Lush subtropical vegetation reminiscent of a Caribbean island makes this a green paradise,
5km (3 miles) long and 2km (11⁄4 miles) wide. The most mountainous of the
archipelago, Port-Cros has been a French national park since 1963. A fire in 1892 devastated
the island, which now abounds with pine forests and ilexes. Birders flock here
to observe nearly 100 different species. Day-trippers can explore some of the many
marked trails. The most popular and scenic is sentier botanique; the more adventurous
and athletic take the 10km (6-mile) circuit historique (you’ll need a packed lunch
for this one). Divers follow a 274m (900 ft.) trail from Plage de la Palud to the islet of
Rascas, where a plastic guide sheet identifies the underwater flora. Thousands of pleasure
craft call here annually, which does little to help the island’s fragile environment.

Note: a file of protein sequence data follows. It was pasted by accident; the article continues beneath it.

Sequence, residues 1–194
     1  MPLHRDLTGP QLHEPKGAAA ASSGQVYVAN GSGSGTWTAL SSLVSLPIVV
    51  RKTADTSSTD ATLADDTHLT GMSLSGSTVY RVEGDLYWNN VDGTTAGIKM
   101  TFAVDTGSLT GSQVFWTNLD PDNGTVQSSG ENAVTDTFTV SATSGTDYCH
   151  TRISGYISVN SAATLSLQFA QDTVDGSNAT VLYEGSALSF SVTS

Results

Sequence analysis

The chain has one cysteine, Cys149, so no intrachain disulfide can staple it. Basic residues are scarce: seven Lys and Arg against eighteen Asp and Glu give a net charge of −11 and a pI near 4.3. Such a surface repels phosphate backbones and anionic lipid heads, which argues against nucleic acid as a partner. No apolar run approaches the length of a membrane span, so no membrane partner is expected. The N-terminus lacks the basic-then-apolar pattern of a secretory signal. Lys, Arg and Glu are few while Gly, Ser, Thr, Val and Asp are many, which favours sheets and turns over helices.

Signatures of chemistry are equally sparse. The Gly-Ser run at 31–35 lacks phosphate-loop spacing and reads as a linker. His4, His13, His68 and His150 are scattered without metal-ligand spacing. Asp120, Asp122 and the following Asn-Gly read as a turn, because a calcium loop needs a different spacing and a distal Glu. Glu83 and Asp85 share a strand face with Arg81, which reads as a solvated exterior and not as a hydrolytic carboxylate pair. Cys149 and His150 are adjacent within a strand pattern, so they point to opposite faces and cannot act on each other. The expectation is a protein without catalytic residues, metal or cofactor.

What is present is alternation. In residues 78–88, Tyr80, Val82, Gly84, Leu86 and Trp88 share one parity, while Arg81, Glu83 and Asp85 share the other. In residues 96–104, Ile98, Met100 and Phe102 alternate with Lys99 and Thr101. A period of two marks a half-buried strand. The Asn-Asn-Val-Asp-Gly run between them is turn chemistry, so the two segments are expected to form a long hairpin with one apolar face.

WHERE TO STAY & DINE
Le Manoir This is the only bona-fide hotel on the island, but despite lack of
competition, its owners work hard to make their guests as comfortable as possible.
Originally, it functioned as the grandiose home of the family that owned the entire
island. Today, the hotel consists of an 18th-century architectural core, plus an annex
that contains most of the guest accommodations, which are simple, with bathrooms equipped with tub/shower combinations. Some rooms have air-conditioning. The
restaurant serves lobster-and-fish terrine, several seasoned meats, and fresh local fish
with baby vegetables, as well as regional goat cheese and velvety mousses.
83400 Ile de Port-Cros. & 04-94-05-90-52. Fax 04-94-05-90-89. email@example.com. 23 units.
145€–185€ ($189–$241) double; 180€–210€ ($234–$273) suite. MC, V. Closed Oct–Apr. Amenities: Restaurant;
bar; outdoor pool; limited room service; laundry service. In room: Dataport, hair dryer.